Met yesterday the King of Dovrefjell mountain, the majestic Musk Ox. We wandered high up in the mountains searching for the shaggy primeval animals. Our fantastic local guide Ståle Lien in the tour operator Dovreguiden, showed us the way to Musk Ox and told us amazing stories. For millions of years ago, the Musk Ox grazed side by side with the mammoth in Norwegian mountains.
Musk ox died out in Europe during the last ice age, but new herds have now made Dovrefjell their home after several releases between 1932 and 1953. Muskox as a species have changed little since the last ice age. A close relative of sheep and goats, muskox have cloven hoofs, a stocky build with a slight shoulder hump, and a very short tail.
It`s not a good idea trying to clap a musk ox, or trying to drag his tail. These huge beasts pay normally little attention to human visitors, but may attack if they feel threatened. To avoid unpleasant encounters with musk oxen, keep a distance of at least 200 metres. Be aware of that the musk oxen can run at 60 km/h = 60 metres in 3.6 seconds! If you stay at least 200 metres away you will be safe. Although musk oxen may seem both unafraid and tame when you see them, they have an unusual defense strategy. Unlike other animals that run away when are threatened, musk oxen do not try to escape if they sense danger. They attack!
Kingdom of the musk oxen – Dovrefjell mountain. On our tour we kept in mind that a musk ox pressed into to "a corner" can be a fearsome enemy, charging with its massive bulk and attempting to use its horns to deadly effect.
During the summer, they supplement their diet with flowers and grasses, often feeding near water. They attracts toward snow in the mountain where they can cool down. The previous years some of them have died due to overheating.
In winter, they use their hooves to dig through snow to graze on these plants. Their long shaggy hair is well adapted to the cold climate. The outer hairs, called guard hairs, cover a second, shorter undercoat that provides additional insulation in winter. This undercoat falls out when temperatures climb at winter's end.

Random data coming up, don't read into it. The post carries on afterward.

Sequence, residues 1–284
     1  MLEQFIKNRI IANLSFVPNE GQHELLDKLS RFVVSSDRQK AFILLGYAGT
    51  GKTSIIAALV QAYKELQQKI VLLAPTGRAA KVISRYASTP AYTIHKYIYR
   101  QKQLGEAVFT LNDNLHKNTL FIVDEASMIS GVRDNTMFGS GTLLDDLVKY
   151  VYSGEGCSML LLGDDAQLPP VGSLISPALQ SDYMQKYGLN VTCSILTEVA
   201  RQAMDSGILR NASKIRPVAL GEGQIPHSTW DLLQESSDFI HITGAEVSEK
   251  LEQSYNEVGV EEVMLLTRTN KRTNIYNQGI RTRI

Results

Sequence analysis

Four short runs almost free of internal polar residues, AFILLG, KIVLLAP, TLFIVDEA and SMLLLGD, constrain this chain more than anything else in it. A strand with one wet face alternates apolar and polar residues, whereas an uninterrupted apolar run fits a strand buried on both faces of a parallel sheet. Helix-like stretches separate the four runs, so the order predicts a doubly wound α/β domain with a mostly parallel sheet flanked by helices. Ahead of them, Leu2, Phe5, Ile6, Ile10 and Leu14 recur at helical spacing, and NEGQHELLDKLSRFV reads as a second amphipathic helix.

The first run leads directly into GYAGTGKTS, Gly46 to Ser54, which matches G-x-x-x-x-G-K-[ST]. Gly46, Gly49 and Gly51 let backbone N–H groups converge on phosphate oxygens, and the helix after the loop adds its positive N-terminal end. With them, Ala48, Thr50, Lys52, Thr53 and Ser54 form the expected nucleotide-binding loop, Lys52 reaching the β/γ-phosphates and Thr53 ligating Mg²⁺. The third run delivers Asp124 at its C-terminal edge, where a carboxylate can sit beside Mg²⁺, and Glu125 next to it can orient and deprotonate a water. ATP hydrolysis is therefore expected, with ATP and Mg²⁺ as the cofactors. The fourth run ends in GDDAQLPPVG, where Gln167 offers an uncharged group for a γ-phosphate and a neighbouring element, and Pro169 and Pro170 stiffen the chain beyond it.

At Dovrefjell, Dovre mountain, you find the only wild herd of Muskox in Norway. Currently it is estimated to be more than 200 animals in the area. When venturing into the area we approached them carefully and showed respect for the natural habitat for wildlife. In this way we went as as close we could without disturbing these amazing animals. Musk oxen pay little attention to human visitors, but may attack if they feel threatened. To avoid unpleasant encounters with musk oxen, keep a distance of at least 200 metres.
With its compact body and thick fur, these herbivores are well equipped to withstand harsh winters in the mountains. Dating back to about 187,000 to 129,000 years ago, muskoxen are known as the shaggy survivors of the Ice Age. Today muskoxen are found in northern Canada, Greenland, and Alaska. Inupiaq speakers call them umiŋmak, meaning "the animal with skin like a beard" for their distinct fur that hangs down nearly to the ground.
It took us some circa 5-6 hours that day to wander around, and we walk around 20 kilometres, high and low, up mountaint top, down in valley, over stones and river, but it was well worth it in this beautiful landscape, and even meeting the Musk Ox, it was really worth it.
Stein Morten Lund, July 2021
Meet the King of Dovrefjell mountain, the majestic Musk Ox.
Dovreguiden - Guiding Company located in the Dovrefjell and Rondane area, Norway: musk ox, adventure and instruction.
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